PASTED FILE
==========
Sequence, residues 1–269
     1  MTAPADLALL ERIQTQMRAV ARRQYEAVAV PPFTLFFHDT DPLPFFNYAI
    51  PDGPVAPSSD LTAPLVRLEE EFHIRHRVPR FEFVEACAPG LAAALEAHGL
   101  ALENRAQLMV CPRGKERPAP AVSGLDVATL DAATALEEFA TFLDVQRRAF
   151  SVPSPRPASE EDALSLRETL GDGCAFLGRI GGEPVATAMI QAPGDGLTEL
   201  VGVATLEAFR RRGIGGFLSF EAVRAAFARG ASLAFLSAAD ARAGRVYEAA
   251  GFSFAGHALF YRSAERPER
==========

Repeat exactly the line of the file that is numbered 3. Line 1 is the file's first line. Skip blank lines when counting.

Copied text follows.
    51  PDGPVAPSSD LTAPLVRLEE EFHIRHRVPR FEFVEACAPG LAAALEAHGL